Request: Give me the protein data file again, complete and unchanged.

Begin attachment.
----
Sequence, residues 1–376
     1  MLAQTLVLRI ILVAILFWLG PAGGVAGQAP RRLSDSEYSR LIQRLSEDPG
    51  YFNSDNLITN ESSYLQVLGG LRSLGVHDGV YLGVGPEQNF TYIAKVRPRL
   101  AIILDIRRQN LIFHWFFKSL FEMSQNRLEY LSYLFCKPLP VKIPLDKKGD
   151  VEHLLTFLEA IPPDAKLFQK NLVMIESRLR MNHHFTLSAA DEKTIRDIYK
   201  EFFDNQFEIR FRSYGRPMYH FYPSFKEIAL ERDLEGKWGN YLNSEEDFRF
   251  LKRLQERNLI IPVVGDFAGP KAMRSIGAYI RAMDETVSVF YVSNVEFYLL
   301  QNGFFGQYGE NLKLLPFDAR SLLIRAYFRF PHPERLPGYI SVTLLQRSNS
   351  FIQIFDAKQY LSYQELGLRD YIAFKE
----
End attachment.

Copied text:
Sequence, residues 1–376
     1  MLAQTLVLRI ILVAILFWLG PAGGVAGQAP RRLSDSEYSR LIQRLSEDPG
    51  YFNSDNLITN ESSYLQVLGG LRSLGVHDGV YLGVGPEQNF TYIAKVRPRL
   101  AIILDIRRQN LIFHWFFKSL FEMSQNRLEY LSYLFCKPLP VKIPLDKKGD
   151  VEHLLTFLEA IPPDAKLFQK NLVMIESRLR MNHHFTLSAA DEKTIRDIYK
   201  EFFDNQFEIR FRSYGRPMYH FYPSFKEIAL ERDLEGKWGN YLNSEEDFRF
   251  LKRLQERNLI IPVVGDFAGP KAMRSIGAYI RAMDETVSVF YVSNVEFYLL
   301  QNGFFGQYGE NLKLLPFDAR SLLIRAYFRF PHPERLPGYI SVTLLQRSNS
   351  FIQIFDAKQY LSYQELGLRD YIAFKE